I am ready and burst out and walk down the street

and wave my hair at the cabs.

No one ever stops for me

so I am able to walk my whole life.

Yes, I am always walking.


Black Star in The Black Sky, How Can I Say Anything But Thank You?

We peer up into the sky when life seems too short

or too long. We wear our glasses to look.

We are pondering our lives across some kind of sky valley

one that seems so far but is indeed short and pondering.

Across a shopping mall, we try to change each other into cars.

We see each other as trees or smog or red poles.

We see each other as major pains-in-the-ass.

But the black star in the black sky is looking and while she is looking,

she is licking her chops with her love song.

La-dee-da-da is her love song.

We sing her love song as we drive toward one another in the parking lot.

We sing her old songs and that magical door opens.

We need love because I’m not saying love is kind.

I’m saying that love is mercurial.

La-dee-da-da is her love song.

When it snows we think the song is coming down to earth in a dot matrix.

The song infiltrates and carries on to the cold river when all we wanted was dinner.



Though she never reaped what she sold,

she sometimes laughed and bought the others coffee.

She who felt glad for other women.

She who made me think.

She had a light that came out of her belly button

no matter how they tried to suture it.

Though she sometimes visited others it worked out

because when she returned, she sang me their song.

Though her light is off, all of us are waiting for her in the Volkswagen.



Remember the women who carried one another?                                                      

Now we don’t carry.

Now we sit ourselves down in the blustery forest.

Now we make a fire and even when the wolves come we don’t retreat.                                                                                                                   



For every morning my beloved leaves,

It’s a small leaving, but I get to feel being alone.

I get to feel myself coming back but alone,

and without eyes or a tongue.

Without eyes or a tongue, I have nothing to see

and I have nothing to say, but I have something to feel.

Without eyes or tongue,

I don’t feel misled by what I was seeking

and am no longer tired by what has been leading me.

Now stripped of eyes to see and tongue to talk,

alone, alone, I feel the black quiet of the black sky.


I wanted the poems in this collection to be organized around this young woman’s coming of age tale, a very feminine/feminista white American Jewish first-generation middle class lesbian bildungsroman. I worked and worked on letting the self of the narrator, and letting the self of the poems reveal themselves to me (for lack of a better phrase) as I worked and worked and listened and listened to what the self, the narrator, and what each poem had to tell me in the language it had to tell it to me. This is tricky business, right? Because self–specifically, female, Jewish, queer–any “non hegemonic” (also for lack of better phrase) self identity is mitigated by the culture, society, and our own perceptions of who we are–as are the white and middle-class and first world identities of privilege that this narrator owns. And who’s to say what the language of self sounds like. But for me, this young woman, like all young woman also lives in this body, the kind that we all have, though they are all so different, and body is the place where the memory and self both live and express that self. In that way, the poems and the narrator were telling me stories about what it meant to live in this/her body, this/her cyst-feminine/lesbian/femme/feminista body that was sometimes disembodied due to the trauma of simply having/living in a feminine body within a patriarchal man-made world, and also living with some very specific but not always specified trauma. And that literally grounded the story–her body experience, the way she perceived the world, her stutter, her weird elliptical reclamation of her voice through her body experience. Some people call that healing. Ok, I’ll call it that.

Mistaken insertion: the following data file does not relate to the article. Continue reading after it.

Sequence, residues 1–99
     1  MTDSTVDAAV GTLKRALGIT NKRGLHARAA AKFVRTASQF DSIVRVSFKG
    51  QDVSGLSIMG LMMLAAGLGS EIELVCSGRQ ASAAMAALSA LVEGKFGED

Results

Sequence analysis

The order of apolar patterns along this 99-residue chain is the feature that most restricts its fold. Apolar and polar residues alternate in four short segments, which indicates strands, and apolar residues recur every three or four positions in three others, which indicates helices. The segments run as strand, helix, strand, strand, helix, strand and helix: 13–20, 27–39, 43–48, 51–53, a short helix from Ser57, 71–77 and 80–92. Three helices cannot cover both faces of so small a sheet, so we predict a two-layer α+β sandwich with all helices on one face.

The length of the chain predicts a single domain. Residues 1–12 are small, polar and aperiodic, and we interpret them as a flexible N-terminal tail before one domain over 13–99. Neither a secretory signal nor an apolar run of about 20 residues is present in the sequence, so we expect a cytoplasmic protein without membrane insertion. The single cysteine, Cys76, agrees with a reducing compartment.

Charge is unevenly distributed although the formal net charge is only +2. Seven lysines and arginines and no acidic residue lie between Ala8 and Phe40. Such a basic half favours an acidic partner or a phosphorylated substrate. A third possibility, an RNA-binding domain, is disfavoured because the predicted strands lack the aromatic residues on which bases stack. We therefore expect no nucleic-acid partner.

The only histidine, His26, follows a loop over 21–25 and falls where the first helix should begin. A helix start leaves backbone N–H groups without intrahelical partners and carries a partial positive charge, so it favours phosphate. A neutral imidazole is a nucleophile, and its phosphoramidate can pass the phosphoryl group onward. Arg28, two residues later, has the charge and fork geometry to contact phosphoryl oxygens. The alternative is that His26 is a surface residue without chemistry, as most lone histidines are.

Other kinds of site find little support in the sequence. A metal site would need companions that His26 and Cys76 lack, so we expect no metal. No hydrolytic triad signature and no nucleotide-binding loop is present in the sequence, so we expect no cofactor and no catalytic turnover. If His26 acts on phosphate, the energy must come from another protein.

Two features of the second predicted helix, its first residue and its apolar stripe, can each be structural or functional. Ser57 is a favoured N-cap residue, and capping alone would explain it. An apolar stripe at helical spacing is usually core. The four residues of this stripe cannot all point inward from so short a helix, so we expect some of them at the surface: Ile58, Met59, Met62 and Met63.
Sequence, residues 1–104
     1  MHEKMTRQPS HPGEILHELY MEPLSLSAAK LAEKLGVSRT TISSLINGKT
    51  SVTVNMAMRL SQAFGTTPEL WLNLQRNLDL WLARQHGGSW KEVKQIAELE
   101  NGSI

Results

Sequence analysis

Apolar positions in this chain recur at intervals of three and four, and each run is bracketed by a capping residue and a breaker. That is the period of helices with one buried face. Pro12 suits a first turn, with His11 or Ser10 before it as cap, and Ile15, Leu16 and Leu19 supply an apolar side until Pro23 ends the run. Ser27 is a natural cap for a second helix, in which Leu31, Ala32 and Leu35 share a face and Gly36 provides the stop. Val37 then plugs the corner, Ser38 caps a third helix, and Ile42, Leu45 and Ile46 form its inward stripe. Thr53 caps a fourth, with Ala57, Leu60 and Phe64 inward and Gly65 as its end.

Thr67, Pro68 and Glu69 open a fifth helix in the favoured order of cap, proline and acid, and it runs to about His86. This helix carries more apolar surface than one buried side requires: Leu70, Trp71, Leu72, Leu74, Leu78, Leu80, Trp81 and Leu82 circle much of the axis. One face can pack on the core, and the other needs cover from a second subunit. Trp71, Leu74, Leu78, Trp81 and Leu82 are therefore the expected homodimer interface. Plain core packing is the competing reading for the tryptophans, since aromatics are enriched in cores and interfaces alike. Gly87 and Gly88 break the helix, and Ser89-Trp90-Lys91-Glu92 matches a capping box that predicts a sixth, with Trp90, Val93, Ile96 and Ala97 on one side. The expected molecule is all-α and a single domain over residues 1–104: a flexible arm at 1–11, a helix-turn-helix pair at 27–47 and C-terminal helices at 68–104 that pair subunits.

That’s all to say that the question of favorites is also tricky. The poems in the collection seem to need each other, like sisters in a very extended family. They do fine when they leave one another, but they do better together. What though, if I tell you that I am in love with the last cycle poem, “Black Star in the Black Sky” because it came to me in a fury, and that rarely happens, and because without being summative, the poem reaches (insufficiently, of course) for cosmic answers of being and aloneness, and all the body, race, queer, female voice questions that the collections seems concerned with? I like the cosmic-ness of that cycle poem, the way it uses seasons and astrology (also incorrectly and flawed), and the way it wants to reach toward love, but is scared and falls back on it self and laughs at it’s huge insufficiency. I like the texture of the poems, spacey and floating– a body in search of a body, like an astronaut who never lands.


Deborah Schwartz is a poet and writer who teaches in the English Department at Bunker Hill Community College in Boston, MA. A Girl Could Disappear Like This (Kattywompus Press, March 2019) is her first collection of poetry.